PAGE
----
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Wolfgang Amadeus MOZART (1756-1791)
Music for Salzburg Cathedral
Litaniae Lauretanae in D major, K 195 (1774) [28:24]
Church Sonata in C major, K 329 (1779) [4:46]
Vesperae solennes de Dominica in C major, K 321 (1779) [29:59]
Inigo Jones (soprano); Michael Alchin (alto); Guy Cutting (tenor); Patrick Edmond (bass); Collegium Novum/Rodolfo Richter; Choir of New College Oxford/Edward Higginbottom
rec. 24-26 June 2013, St. Michael and All Angels Church, Summertown, Oxford, England.
Full Latin texts with English translations provided in booklet
NOVUM NCR 1388 [63:10]

The New College Choir Oxford directed by Edward Higginbottom is in remarkable form. There have been a number of splendid recent releases on their Novum label: François Couperin Exultent superi, Benjamin Britten The Sacred Choral Music and Charpentier Musique sacrée. Now comes the present disc featuring two of Mozart’s greatest sacred choral works sitting at the heart of the Oxford choir’s repertoire. The performances maintain the elevated level of quality we have come to expect. The orchestral accompaniment is provided by Collegium Novum, the period instrument ensemble, led by baroque violinist Rodolfo Richter. 

These three Mozart scores composed in 1774 /79 were written when Mozart and his father Leopold were in the employment of Count Hieronymus von Colloredo, the Prince-Archbishop of Salzburg. This was a most uneasy relationship and it culminated in Colloredo expelling both father and son from his Salzburg court. Mozart was reinstated by Colloredo and given extra responsibilities, however, his father Leopold was left out in the cold and continued to be passed over as Kapellmeister. 

Despite the difficulties of working with Colloredo Mozart created some wonderful sacred music including the Litaniae Lauretanae in D major, K 195 in 1774. The five movement score comprises a series of exaltations and petitions to the Virgin Mary. This sequence is appropriate to a rite that was celebrated at the Salzburg cathedral during certain times of the year, especially during Holy Week. For me the highlight is the conspicuously memorable second movement Santa Maria. Here it isquite beautifully sung with purity and reverence by boy treble Inigo Jones. Jones is also heard in delightful duets with tenor Guy Cutting and with boy alto Michael Alchin.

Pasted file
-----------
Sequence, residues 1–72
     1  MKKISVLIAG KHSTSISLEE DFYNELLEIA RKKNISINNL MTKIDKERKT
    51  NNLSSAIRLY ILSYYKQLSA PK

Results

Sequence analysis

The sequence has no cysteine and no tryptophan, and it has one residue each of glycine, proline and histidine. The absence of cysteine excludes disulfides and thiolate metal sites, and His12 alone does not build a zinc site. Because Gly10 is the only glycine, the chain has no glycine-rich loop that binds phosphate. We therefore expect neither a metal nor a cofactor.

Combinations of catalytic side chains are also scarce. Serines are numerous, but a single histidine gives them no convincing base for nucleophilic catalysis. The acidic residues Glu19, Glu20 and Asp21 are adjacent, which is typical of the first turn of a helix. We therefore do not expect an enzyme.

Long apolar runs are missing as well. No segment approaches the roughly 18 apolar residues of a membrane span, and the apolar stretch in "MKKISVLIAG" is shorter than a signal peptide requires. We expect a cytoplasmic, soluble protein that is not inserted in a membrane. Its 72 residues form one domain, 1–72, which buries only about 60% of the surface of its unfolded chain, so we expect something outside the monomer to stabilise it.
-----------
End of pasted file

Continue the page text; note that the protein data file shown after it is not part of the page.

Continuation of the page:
Next is the Vesperae solennes de Dominica in C major, K 321 written in 1779 for use in Salzburg cathedral. In six movements, this Sunday Vesper setting consists of five Psalm settings and a concluding Magnificat. I especially admired the penultimate Laudate Dominum which has satisfyingly crisp singing from treble Inigo Jones. He is especially good in the coloratura passages; nor should we overlook the appealing obbligato organ part.
 
We also hear the Church Sonata in C major, K 329 that Mozart composed in 1779. He wrote seventeen such works intended for use at the point of the Mass between the Epistle and the Gospel. Marked Allegro this oneemploys the full orchestral forces that were thought to have been available at Salzburg cathedral. Edward Higginbottom explains that no trombones were used during these sessions as they were considered inappropriate for this studio recording.
 
Typically, director Higginbottom has prepared his Choir of New College Oxford impeccably and these performances attain real distinction. It is easy to respond to the fresh and vibrant sound of the boy choristers. When combined with the rock-steady security of the clerks’ voices the result is remarkable. The booklet notes are commendable including full Latin texts with English translations. We also get a superb essay ‘Mozart’s Sacred Music for Salzburg Cathedral’ by Adeline Mueller. As if that were not enough we also have Higginbottom’s ‘Conductor’s Perspective’. On the technical side I was delighted with the sound quality which is vivid and immediate.  

Michael Cookson 

 


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